IEA (2020), Tracking Transport 2020, IEA, Paris https://www.iea.org/reports/tracking-transport-2020
Tracking progress 2020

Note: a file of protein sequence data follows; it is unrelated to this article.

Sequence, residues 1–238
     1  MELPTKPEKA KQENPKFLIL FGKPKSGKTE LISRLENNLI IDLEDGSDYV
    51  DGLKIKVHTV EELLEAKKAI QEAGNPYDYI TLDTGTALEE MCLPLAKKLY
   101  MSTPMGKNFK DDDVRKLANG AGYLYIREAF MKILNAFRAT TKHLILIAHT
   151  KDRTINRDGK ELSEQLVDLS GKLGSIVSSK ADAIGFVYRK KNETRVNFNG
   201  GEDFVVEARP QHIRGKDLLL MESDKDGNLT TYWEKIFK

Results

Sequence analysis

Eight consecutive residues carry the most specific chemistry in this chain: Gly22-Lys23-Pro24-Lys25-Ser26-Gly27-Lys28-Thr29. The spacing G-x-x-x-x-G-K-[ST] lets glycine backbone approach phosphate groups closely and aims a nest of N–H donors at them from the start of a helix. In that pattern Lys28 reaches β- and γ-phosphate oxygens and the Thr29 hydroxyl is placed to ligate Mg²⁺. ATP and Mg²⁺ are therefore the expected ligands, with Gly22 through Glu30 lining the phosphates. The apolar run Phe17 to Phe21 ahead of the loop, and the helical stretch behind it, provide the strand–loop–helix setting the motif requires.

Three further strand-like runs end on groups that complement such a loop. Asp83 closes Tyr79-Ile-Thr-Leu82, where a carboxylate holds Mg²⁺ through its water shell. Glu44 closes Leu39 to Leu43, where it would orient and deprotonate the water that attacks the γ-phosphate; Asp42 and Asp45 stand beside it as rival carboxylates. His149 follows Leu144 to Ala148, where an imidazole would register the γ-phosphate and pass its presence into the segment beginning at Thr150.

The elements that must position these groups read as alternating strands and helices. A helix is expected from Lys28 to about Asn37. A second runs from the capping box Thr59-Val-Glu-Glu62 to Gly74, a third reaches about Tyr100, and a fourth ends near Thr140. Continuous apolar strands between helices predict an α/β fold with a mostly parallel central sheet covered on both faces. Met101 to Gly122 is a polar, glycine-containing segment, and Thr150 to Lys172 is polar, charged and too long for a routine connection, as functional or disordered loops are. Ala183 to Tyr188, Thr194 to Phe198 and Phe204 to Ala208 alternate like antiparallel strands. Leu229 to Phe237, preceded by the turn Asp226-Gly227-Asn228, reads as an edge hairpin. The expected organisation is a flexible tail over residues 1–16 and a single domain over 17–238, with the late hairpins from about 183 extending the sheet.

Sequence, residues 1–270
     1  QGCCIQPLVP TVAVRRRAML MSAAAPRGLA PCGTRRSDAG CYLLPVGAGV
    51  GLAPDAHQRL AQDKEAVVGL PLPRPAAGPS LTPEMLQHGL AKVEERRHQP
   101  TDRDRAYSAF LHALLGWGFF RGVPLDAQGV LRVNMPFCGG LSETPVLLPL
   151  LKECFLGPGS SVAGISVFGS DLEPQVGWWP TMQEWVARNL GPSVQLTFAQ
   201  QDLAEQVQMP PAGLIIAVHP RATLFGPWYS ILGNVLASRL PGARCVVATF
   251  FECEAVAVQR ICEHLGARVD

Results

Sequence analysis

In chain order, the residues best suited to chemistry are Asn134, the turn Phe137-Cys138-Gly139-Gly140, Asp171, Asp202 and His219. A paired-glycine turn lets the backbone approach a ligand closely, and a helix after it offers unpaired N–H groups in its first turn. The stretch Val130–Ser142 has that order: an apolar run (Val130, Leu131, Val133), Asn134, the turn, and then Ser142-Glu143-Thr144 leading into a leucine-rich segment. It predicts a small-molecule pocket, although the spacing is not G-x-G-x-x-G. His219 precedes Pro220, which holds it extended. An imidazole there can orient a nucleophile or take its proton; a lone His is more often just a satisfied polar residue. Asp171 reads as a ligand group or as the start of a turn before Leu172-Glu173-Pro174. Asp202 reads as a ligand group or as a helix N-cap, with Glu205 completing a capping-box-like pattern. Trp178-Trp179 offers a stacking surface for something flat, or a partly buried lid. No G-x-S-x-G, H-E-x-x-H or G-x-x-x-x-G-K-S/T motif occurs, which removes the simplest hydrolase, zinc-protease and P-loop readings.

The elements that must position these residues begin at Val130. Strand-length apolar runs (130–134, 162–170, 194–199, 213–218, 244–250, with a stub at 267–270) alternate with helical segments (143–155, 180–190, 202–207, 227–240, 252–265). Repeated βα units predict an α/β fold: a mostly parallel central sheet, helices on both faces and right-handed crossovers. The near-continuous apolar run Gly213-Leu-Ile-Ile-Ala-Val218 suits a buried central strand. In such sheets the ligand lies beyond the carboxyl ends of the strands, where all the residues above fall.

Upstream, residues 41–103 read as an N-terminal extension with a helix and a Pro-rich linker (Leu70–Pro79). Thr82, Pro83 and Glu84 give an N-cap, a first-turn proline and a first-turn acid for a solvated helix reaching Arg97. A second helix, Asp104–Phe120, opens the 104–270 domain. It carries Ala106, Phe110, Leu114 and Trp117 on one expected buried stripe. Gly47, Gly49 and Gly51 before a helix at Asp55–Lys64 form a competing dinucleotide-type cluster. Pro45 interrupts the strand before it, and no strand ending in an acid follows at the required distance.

Aviation emissions rose rapidly, at an average annual rate of 2.0% during 2000-19, with 5% average yearly rises in total commercial passenger flight activity since 2000. As most (>99.5%) aviation relies on jet kerosene, and as most jet kerosene (>85%) is used by commercial passenger aviation, the gap between these two metrics is largely explained by operational and technical efficiency measures adopted by commercial airlines, including new aircraft purchases. The energy intensity of commercial passenger aviation has decreased 2.8% per year on average, but improvements have slackened over time, and they must be maintained to limit fuel combustion to volumes at which SAFs – low-carbon alternatives to fossil-based jet kerosene – can power commercial aircraft. Near to mid-term priorities include implementing fiscal and regulatory measures that promote exploitation of operational and technical efficiency and managing the investment risks. These risks exist for developing and deploying clean sheet airframes, new engines and propulsion systems, and for production low-lifecycle GHG-emissions SAF.